Garden Variety: Estee Lauder White Linen
A little while ago I said that Samsara, whatever its actual ingredients, smelled of three things, and this is an interesting aspect of perfumery: an artistic perfumer can make a fragrance smell more or less complex that it actually is. A single element of the scent might be extremely complex, with many overtones — tobacco, say, or sandalwood, or tuberose — and seem to have many facets depending on how it is employed: such a scent can be more than the sum of its parts. But the opposite is also true: a complex scent might be engineered to seem very simple, to have many of its components balanced and arrayed so that they don't have a strong character of their own, but complement and enhance the scent's main focus.
Estee Lauder's White Linen, created in 1978 by the genius Sophia Grojsman as part of her quest to execute every possible variation on the theme of the rose, like Samsara consists of three elements. At the top is a mighty tempest of aldehydes, big, clean and soapy-fresh, like the opening chords of Wrappings (also a Lauder scent under the Clinique brand) and Guerlain's Vega and of course the emperor of aldehydes Chanel No. 5. It isn't that noxious, ozonic-aquatic freshness that everything seems to have these days, either, or at least my little bottle isn't (it may have been reformulated since to make it even fresher, which would not surprise me): it's just breezy, freshly washed laundry hanging on the line. Just underneath that is a big rosy rose. And underneath that is a big bright spike of vetiver. There are certainly other things in there — a grating of citrus peel, a few petals of jasmine, a shaving of sandalwood — but they don't matter, not a whit: White Linen is all about aldehydes roses vetiver, and every element is put into the service of a single idea, that of sitting in a sunny garden with the smell of good clean laundry soap hovering about you. Like so:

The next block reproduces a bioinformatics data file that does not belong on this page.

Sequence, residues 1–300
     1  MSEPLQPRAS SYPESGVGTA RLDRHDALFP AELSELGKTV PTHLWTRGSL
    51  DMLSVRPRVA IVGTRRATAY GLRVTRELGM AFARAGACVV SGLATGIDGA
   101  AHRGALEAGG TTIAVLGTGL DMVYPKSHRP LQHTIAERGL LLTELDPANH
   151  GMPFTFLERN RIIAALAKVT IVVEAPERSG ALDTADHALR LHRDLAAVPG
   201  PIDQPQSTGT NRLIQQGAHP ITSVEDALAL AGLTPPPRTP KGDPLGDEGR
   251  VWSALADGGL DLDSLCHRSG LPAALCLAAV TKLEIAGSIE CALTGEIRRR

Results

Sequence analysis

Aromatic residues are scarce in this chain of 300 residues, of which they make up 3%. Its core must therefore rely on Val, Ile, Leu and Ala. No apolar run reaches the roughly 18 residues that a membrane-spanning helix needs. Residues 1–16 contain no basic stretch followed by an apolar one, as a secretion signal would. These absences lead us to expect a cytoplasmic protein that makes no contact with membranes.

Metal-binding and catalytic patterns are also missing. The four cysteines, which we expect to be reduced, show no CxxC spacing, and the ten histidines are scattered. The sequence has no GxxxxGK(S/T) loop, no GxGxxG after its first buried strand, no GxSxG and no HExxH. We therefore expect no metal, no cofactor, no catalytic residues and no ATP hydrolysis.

Quite a while ago I wrote that while I could imagine a man wearing White Linen, I was not that man, but I was being unnecessarily evasive: I did in fact wear White Linen quite a lot, back in the late eighties when I was discovering and wearing everything I could get my hands on. I wouldn't wear it now: it no longer suits me, though I still don't see why a man mightn't wear it.